Using Virtue Ethics to Read the Bible (Without Falling Into Anti-Nomianism)

There are lots off good reasons to read the Bible.  The reasons would vary depending who you polled–some “secular humanists” would say that the Bible should be read for cultural literacy or for its literary value as a great book.  Christians would say that the Bible is the Word of God and tells us how to get to heaven, or that the Bible tells us God’s will for our life.  Lots of people would say that the Bible has many good moral lessons like love of enemy, care for the poor and marginalized, and other norms dictating good behavior.

If Christians believe that the Bible is a good source of morals, they are faced with the challenge of figuring out how to move from the Scriptural witness to their own moral inquiries.  This is no easy task, and Christian history is full of different ways to answer the question of the relationship between the Bible and ethics.  My fiancé is part of the Church of Christ tradition that has a very handy little system called “Command, Example, Necessary Inference.”  What this means is if the New Testament commands something, you obey (like baptism and the Lord‘s Supper).  In the absence of a command, you follow any provided example (like taking the Lord‘s Supper every Sunday).  And if there is neither, you follow necessary inference (like the use of church buildings).  For issues specifically addressed in the New Testament, Churches of Christ have a pretty coherent way of forming their views, but for issues not found in the New Testament (like surrogate motherhood, for example), their approach can be pretty unsystematic and haphazard.

Other Christians have a “cafeteria approach” to Scripture, keeping what they like and rejecting what they don’t.  You see this in a lot of the more liberal-minded groups that like things like love of enemy, but don’t really think Paul’s condemnation of homosexual behavior is all that relevant or that the Bible’s teaching about divorce should really be taken all that seriously.  This approach has the advantage off avoiding a dogmatic and unilateral approach to Scripture, but it is often quite arbitrary in what it takes seriously from Scripture and what it dismisses.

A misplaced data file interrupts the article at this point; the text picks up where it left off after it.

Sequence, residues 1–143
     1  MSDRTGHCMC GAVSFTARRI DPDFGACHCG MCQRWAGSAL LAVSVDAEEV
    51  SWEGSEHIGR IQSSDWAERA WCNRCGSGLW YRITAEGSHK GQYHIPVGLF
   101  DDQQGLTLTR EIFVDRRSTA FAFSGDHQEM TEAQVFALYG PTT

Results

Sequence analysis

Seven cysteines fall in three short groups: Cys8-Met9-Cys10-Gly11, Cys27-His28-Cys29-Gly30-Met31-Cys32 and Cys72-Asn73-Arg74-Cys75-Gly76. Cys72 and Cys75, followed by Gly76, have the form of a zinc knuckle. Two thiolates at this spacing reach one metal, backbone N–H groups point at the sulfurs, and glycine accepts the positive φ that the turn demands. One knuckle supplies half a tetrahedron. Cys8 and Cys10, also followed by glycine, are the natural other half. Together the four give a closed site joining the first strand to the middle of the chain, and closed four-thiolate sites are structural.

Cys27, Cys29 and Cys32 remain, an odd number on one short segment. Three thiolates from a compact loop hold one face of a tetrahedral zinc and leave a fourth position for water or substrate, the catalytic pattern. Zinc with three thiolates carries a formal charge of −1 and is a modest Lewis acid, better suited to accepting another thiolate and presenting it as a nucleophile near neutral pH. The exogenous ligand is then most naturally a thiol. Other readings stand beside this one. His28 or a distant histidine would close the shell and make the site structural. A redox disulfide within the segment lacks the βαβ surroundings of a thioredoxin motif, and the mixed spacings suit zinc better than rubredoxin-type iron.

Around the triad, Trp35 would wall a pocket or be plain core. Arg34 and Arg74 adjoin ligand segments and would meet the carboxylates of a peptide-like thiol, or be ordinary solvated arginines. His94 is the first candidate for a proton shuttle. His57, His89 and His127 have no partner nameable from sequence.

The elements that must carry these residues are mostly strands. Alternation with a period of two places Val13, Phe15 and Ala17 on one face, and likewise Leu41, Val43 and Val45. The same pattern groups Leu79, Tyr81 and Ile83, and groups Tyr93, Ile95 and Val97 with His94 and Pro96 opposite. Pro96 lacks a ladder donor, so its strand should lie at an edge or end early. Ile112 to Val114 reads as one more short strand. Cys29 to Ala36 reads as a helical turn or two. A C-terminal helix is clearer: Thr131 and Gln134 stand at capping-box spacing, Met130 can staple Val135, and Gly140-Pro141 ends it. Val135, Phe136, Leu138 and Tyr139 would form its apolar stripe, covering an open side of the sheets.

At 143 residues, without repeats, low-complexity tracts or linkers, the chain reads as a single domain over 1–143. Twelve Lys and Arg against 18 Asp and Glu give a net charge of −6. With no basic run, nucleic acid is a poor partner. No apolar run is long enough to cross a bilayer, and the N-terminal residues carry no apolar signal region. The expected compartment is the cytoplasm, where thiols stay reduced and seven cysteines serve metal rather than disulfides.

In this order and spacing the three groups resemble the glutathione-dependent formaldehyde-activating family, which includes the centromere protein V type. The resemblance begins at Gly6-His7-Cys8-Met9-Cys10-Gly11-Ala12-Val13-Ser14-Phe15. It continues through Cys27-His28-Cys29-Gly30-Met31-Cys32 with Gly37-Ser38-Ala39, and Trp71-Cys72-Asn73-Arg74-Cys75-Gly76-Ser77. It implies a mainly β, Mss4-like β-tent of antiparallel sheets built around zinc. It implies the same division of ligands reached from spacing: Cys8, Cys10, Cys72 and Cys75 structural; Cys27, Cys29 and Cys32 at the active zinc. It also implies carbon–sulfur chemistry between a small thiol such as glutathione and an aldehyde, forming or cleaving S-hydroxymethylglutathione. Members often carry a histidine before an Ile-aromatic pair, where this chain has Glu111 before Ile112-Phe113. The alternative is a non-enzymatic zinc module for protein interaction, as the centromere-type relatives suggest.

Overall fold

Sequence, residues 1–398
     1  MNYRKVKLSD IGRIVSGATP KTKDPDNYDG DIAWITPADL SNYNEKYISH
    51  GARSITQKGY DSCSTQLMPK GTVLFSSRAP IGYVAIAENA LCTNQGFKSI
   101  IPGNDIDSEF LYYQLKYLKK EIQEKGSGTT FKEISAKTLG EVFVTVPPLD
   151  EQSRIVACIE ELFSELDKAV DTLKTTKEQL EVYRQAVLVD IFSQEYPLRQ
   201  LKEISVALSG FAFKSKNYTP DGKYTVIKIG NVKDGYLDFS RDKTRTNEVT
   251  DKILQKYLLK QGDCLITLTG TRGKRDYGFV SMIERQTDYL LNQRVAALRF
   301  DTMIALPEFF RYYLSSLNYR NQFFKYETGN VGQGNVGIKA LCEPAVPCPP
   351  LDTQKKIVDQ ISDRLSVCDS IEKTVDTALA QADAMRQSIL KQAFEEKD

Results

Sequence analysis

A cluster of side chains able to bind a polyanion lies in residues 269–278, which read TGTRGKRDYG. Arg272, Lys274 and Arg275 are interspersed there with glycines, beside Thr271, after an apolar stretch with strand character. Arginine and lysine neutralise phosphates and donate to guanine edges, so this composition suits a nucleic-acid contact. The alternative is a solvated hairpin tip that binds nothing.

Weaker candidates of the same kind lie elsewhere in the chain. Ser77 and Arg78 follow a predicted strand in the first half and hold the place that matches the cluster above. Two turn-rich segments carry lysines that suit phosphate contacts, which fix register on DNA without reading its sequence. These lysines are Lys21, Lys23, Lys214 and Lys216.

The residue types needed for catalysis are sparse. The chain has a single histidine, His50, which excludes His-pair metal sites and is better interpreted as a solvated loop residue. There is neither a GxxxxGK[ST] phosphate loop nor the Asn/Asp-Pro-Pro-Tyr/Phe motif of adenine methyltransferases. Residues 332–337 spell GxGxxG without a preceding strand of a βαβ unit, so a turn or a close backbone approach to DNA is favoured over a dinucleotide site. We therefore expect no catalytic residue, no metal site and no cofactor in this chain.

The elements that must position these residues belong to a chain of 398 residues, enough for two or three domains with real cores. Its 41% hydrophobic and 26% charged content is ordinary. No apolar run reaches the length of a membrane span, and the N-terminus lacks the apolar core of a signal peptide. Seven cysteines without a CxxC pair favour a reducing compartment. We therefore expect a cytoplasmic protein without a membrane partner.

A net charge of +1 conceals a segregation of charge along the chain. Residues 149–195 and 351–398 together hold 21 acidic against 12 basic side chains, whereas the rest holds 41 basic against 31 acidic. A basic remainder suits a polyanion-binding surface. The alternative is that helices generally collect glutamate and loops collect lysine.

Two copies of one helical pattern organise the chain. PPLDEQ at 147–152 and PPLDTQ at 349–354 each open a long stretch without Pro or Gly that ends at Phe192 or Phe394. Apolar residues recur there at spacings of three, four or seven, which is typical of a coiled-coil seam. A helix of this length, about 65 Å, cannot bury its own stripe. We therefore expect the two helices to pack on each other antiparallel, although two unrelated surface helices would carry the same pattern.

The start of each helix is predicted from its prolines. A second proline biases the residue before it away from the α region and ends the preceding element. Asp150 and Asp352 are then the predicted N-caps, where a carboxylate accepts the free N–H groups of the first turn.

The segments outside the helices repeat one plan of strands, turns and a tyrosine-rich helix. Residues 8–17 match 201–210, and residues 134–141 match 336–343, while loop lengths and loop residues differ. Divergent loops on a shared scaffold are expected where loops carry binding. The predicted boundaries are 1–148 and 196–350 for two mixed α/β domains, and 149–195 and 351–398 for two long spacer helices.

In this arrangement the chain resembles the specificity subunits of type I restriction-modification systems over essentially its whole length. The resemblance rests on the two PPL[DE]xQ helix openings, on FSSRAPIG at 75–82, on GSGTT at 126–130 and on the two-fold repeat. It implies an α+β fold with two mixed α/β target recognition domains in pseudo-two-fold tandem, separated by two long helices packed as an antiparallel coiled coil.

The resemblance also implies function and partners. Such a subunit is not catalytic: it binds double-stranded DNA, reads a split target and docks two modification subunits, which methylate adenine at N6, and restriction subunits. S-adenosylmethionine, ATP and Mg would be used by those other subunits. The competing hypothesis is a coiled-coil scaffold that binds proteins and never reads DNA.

What both of these approaches have in common is that they look to Scripture for norms or rules about how to behave.  This might be called a deontological approach to Scripture which means that Scripture provides certain duties for those that follow it, and only these duties are relevant to Christian ethics.  As a virtue theorist influenced by Thomas Aquinas, I find such an approach deficient.  Ethics is not just about rules and duties, but also about character and leading a good life.  Virtue theory provides a way of using the Bible for ethics, not just for the derivation of rules, but also for a witness as to what sort of people we are called to be.  The Bible tells us what sort of character Christians should have.